The thing is, with these alpha/dominance techniques I tend to harp on the negative effects they have on your relationship with your dog and the physical and mental harm that can do to your dog. But maybe there is another aspect of the side-effects of these methods…

Perhaps a real danger with these methods is in how they alter your dog’s value system! If you are always treating your dog as if you are the “pack leader”, and they the “subordinate”, you are forcing your dog into a “yes man” role, one where he is not allowed to share resources with you – instead he must constantly beg for them (by doing what the “pack leader” “commands” him to do). This must alter his value system and create competition from his perspective.

Add another dog to the mix. Now you have a situation where the owner is forcing their dogs to follow a strict social code, one that is not formed around fairness but instead formed around a hierarchy that forces an unnatural value-system on the dogs, a value-system that promotes – or teaches – competition for resources. The competition may leads to constant friction and tension in the family (or “pack” if you must), which leads to fights – causing a volatile and unpredictable living situation for the dogs and their owner. All this simply because the owner forces a “pecking order”. I mean, its not hard to see how this could happen in a forced rigid hierarchy – look at corporate America, businesses are filled with employee-employee conflict due to the rigid hierarchy (think “titles” and pay scale) put in place by their employers – the conflict is usually due to competition among employees.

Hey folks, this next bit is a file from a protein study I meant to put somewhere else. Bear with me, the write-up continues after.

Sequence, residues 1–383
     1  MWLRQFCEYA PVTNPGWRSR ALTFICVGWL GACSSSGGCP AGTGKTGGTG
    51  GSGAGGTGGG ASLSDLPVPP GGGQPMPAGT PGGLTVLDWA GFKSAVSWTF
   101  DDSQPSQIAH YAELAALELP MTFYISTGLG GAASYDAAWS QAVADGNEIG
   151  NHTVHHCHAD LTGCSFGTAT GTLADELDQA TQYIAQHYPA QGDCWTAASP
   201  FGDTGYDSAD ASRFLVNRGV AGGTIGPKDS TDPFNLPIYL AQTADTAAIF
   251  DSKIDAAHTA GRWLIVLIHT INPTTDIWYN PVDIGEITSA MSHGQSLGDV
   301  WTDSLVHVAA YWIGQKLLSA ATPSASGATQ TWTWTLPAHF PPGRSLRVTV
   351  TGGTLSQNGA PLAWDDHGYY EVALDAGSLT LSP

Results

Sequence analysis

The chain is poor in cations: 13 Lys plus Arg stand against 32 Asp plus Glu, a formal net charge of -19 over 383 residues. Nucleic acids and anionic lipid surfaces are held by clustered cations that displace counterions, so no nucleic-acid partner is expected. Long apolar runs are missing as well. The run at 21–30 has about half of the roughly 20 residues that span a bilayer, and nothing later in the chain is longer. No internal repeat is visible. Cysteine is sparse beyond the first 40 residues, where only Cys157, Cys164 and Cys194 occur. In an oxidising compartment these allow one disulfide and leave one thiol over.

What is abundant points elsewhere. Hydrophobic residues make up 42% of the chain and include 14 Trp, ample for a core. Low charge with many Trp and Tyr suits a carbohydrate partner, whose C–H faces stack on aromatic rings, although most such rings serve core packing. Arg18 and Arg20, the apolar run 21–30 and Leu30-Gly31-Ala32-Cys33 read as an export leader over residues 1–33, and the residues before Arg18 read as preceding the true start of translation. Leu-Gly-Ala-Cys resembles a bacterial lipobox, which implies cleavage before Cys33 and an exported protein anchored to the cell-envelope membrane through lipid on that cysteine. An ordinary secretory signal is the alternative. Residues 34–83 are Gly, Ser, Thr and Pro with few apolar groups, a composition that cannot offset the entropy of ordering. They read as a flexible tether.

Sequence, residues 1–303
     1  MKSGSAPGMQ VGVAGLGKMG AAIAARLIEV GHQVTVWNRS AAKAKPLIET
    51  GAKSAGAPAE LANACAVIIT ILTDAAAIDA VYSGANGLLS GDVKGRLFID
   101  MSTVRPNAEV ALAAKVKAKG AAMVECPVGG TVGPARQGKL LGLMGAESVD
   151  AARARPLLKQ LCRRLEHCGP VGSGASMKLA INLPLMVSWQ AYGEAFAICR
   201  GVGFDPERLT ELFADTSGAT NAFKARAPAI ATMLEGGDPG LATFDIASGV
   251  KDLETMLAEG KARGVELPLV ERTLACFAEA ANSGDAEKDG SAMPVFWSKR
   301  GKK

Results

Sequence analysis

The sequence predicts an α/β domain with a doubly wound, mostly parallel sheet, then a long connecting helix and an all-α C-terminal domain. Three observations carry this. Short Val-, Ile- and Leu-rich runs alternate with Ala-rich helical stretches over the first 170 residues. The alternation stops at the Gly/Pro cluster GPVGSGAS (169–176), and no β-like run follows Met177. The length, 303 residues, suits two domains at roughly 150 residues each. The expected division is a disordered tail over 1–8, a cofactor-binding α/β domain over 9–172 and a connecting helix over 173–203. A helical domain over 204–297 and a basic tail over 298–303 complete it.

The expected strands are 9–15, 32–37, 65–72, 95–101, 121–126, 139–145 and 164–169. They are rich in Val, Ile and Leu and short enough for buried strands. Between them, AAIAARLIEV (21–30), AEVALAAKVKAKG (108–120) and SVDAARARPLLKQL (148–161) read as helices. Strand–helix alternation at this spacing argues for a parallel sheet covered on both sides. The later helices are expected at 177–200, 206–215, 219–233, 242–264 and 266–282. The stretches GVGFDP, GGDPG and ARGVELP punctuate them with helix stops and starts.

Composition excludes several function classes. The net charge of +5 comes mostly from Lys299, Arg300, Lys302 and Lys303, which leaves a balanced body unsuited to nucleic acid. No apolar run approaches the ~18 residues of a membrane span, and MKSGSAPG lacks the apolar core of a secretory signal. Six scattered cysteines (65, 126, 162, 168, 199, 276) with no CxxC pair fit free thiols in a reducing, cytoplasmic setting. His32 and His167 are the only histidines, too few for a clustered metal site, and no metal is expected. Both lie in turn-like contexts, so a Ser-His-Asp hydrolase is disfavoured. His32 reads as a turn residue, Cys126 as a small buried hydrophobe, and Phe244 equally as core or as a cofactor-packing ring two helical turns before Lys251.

This may seem odd, but I look at dog management similarly to the way I view aquarium husbandry. In aquarium husbandry you have complete control of the inhabitant’s resources, and it is your sole responsibility to make sure your aquarium inhabitants are receiving the resources they need to coexist and survive. If you withhold resources from them, like in dogs, you run the risk of forcing competition for resources, or even starving the inhabitants. On the other hand, if your aquarium inhabitants are well fed and have plenty of hiding places (important for stress reduction) – all of which are resources – then your aquarium is a relatively peaceful place. Often, by properly managing resources in the aquarium, a skilled aquarium keeper can house many aggressive fish, or tight predator/prey relationships, in one aquarium with little issues.

I feel the management of our dogs takes on a very similar model – the proper management of resources and a clear understanding of what each dog views as a resource (because, just like humans, no 2 dogs have the exact same value-system).

In summary, I think the alpha/dominance concepts do more than just hurt dog-owner relations, I think they may actually prevent dogs from learning some very basic social concepts (like sharing). It would be interesting to do a study and see if dog-dog behavior issues have gone up since the popularization of the TV shows that push these destructive alpha/dominance concepts.